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A magazine is a periodical publication containing a variety of articles on various subjects.

Magazines are typically published weekly, biweekly, monthly, or quarterly, with a date on the cover that is in advance of the date it is actually published. They are often printed in color on coated paper.

Magazines usually have articles on popular topics of interest to the general public and are written at the reading level of most of the population. An academic periodical featuring scholarly articles written in a more specialist register is usually called a "journal." "Periodical" is the word usually used to describe magazines, journals, newspapers, newsletters, and anything else that is published in regular intervals for an indefinite period of time, but "Serial" is sometimes used, especially in librarianship.

Many weekend newspapers now incorporate magazine supplements with a magazine-like format.

The Gentleman's Magazine, first published in 1731, is considered to be the first general-interest magazine. The oldest magazine still in print is The Scots Magazine, which was first published in 1739. The most widely distributed magazine in the world is Reader's Digest (founded in 1922). Its worldwide circulation including all editions has reached 21 million copies and over 100 million readers. The Watchtower is the most widely distributed religious magazine in the world, with an average circulation of 26.4 million copies semimonthly in more than 150 languages. --http://en.wikipedia.org/wiki/Magazine [Feb 2005]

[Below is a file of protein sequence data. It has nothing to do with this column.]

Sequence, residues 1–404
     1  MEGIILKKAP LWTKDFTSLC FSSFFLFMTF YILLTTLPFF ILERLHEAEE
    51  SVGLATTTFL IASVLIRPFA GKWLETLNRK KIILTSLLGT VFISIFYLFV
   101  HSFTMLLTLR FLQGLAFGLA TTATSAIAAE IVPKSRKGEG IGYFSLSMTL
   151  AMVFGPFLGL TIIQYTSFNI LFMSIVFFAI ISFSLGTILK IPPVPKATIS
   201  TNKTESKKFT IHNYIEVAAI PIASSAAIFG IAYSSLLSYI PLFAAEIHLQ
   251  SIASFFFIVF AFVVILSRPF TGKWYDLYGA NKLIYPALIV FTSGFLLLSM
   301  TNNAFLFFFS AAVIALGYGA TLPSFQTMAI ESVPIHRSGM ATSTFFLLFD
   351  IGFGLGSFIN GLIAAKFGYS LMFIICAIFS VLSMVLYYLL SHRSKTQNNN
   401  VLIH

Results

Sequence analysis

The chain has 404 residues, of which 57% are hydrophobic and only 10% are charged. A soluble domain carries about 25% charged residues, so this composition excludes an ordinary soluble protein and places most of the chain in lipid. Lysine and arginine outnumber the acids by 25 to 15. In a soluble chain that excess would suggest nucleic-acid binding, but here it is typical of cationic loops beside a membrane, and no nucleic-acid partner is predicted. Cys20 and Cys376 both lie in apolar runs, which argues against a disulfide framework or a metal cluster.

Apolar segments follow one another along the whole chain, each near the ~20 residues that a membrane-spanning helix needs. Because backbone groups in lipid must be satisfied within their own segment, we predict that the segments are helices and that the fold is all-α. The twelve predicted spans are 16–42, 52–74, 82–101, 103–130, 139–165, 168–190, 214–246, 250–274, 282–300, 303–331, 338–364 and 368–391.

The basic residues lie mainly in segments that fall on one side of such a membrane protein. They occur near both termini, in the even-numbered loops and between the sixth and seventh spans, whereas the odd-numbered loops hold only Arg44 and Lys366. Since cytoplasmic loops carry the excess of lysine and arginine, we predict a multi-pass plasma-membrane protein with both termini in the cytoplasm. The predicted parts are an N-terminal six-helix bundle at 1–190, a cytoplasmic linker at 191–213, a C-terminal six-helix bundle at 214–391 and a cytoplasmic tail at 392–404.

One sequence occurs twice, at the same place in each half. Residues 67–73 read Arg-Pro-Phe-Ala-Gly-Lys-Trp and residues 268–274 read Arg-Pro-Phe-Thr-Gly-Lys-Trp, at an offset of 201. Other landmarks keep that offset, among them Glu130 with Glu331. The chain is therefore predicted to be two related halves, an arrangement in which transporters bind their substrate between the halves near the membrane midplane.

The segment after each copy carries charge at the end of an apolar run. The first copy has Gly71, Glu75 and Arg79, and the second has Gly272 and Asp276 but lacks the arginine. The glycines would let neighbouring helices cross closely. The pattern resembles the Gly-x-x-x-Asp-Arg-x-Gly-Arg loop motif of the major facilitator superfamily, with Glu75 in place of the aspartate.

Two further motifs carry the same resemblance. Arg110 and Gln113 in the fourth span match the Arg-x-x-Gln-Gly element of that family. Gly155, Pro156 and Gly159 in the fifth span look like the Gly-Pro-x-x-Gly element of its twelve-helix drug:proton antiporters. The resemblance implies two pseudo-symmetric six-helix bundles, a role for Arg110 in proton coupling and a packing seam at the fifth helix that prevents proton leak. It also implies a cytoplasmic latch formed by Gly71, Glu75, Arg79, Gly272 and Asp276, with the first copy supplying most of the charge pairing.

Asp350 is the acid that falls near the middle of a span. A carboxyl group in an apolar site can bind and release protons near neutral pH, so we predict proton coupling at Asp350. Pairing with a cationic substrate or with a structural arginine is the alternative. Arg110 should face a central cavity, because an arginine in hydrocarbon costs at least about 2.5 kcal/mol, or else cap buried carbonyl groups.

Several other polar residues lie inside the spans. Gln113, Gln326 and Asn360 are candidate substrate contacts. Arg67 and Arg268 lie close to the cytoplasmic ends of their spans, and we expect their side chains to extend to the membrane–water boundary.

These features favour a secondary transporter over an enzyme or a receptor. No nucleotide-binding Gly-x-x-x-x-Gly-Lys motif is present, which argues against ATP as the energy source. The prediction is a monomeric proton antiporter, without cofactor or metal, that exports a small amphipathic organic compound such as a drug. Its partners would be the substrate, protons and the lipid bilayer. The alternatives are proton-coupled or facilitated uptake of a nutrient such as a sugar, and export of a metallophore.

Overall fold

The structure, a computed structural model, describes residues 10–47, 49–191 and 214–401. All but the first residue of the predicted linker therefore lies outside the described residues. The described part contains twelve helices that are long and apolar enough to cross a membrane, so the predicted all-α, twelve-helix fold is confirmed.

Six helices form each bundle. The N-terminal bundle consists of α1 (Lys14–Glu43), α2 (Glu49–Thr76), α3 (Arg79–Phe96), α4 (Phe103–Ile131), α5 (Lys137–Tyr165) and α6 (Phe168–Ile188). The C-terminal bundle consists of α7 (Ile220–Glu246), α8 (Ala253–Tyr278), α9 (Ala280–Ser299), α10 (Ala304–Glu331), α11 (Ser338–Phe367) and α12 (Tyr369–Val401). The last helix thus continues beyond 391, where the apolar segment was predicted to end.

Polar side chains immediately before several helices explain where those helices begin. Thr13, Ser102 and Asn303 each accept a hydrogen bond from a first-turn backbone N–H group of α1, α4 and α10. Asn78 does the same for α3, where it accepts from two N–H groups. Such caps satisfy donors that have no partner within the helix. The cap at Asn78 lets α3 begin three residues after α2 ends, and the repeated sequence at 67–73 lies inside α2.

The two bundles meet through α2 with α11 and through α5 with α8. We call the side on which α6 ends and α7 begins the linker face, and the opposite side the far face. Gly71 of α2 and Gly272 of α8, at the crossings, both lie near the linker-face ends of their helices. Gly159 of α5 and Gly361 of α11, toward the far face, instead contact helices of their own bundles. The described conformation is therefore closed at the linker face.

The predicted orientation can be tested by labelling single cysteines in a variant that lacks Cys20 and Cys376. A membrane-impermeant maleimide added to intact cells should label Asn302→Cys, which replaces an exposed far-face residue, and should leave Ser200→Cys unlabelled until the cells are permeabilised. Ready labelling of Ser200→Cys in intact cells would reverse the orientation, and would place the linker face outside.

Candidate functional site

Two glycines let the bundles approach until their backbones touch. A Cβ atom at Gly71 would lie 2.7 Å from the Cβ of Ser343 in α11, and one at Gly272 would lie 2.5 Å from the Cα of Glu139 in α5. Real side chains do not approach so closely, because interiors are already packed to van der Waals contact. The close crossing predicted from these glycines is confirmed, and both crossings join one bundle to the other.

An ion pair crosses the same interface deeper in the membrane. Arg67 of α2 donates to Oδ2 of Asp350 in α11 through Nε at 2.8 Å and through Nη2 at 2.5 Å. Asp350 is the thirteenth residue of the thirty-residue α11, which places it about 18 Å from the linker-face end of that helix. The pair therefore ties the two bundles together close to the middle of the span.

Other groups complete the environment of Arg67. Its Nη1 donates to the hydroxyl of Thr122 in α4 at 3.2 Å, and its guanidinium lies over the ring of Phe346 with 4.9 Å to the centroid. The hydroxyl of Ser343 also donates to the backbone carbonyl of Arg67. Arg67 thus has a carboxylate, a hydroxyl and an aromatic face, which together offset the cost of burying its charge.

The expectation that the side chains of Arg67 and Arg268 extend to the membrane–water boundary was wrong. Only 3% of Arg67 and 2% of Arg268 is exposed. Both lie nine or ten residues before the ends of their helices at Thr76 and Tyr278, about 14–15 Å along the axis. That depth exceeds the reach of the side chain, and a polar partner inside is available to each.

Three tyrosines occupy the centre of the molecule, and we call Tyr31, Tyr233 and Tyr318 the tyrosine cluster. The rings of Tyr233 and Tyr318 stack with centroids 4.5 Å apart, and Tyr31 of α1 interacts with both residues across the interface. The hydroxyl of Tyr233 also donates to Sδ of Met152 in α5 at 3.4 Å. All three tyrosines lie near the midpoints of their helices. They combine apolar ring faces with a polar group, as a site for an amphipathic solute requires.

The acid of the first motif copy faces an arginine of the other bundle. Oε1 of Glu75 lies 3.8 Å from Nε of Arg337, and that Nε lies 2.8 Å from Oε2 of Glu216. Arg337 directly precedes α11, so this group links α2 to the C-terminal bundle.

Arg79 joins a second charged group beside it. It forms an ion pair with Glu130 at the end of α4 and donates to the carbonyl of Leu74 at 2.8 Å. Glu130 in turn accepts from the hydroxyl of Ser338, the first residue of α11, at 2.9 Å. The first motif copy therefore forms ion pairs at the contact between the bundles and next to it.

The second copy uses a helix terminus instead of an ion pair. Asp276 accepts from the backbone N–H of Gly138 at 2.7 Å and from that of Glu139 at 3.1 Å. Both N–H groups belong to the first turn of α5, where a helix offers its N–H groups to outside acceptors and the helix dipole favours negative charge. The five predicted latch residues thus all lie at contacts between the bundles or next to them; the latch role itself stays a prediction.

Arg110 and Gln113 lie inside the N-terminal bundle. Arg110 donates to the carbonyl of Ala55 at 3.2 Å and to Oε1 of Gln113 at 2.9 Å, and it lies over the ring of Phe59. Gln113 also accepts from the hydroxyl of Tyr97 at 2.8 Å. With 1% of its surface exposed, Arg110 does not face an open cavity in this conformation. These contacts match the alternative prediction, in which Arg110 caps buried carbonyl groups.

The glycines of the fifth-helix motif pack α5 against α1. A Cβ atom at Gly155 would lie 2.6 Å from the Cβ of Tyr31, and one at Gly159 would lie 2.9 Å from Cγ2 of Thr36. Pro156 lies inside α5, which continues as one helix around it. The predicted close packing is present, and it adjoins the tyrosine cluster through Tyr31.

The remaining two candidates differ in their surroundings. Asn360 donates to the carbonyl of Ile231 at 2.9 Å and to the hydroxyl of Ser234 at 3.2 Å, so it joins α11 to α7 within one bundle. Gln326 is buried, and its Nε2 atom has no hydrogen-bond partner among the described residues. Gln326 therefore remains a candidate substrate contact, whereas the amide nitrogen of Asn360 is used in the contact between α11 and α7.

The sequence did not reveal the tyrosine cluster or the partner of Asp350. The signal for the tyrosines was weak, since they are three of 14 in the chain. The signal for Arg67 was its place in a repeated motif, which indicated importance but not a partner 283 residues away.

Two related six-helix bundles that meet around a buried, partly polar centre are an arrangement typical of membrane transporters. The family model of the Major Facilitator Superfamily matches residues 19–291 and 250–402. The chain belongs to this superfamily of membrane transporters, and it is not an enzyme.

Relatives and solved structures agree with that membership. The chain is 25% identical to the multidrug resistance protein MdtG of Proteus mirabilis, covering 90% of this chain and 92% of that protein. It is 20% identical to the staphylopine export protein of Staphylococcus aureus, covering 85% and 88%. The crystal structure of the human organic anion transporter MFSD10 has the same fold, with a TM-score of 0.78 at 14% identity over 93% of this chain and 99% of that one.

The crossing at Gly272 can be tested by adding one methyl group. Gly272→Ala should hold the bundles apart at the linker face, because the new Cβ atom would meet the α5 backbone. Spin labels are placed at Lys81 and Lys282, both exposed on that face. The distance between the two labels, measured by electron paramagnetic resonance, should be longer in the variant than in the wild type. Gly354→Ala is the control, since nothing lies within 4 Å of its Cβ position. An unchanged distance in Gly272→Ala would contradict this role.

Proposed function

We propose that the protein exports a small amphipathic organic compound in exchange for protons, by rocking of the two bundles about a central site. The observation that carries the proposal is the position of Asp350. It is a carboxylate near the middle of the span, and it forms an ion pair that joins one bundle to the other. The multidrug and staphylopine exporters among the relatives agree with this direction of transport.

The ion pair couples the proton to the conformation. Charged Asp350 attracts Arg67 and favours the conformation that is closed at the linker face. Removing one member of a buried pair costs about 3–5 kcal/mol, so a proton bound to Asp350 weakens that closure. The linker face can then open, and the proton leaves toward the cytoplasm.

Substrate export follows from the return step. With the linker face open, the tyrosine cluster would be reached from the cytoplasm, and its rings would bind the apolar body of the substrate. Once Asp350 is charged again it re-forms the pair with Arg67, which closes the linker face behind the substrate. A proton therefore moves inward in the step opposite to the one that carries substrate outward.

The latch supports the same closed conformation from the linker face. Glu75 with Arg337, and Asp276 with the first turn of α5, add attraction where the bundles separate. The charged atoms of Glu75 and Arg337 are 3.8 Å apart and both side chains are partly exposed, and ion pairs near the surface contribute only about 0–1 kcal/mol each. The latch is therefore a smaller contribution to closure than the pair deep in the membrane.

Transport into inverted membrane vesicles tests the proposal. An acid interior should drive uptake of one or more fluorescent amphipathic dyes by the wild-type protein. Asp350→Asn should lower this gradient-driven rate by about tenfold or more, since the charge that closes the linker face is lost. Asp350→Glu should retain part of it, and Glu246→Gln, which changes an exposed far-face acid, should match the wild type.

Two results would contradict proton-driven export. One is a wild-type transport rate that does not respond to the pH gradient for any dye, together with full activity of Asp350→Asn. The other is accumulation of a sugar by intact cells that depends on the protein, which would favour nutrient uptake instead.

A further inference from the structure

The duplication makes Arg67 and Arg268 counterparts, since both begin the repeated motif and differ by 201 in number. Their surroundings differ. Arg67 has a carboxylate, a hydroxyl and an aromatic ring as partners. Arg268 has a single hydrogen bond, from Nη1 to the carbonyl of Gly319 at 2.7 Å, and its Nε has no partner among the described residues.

Literary magazine

A literary magazine is a periodical devoted to literature in a broad sense. Literary magazines usually publish short stories, poetry and essays along with literary criticism, book reviews, biographical profiles of authors, interviews, and letters. Literary magazines are often called literary journals, or little magazines, which is not meant as a pejorative but instead as a contrast with larger commercially oriented magazines. In general, literary magazines function as a sort of literary nursery for writers by publishing new works by authors who are not yet established or well known. --http://en.wikipedia.org/wiki/Literary_magazine [Aug 2005]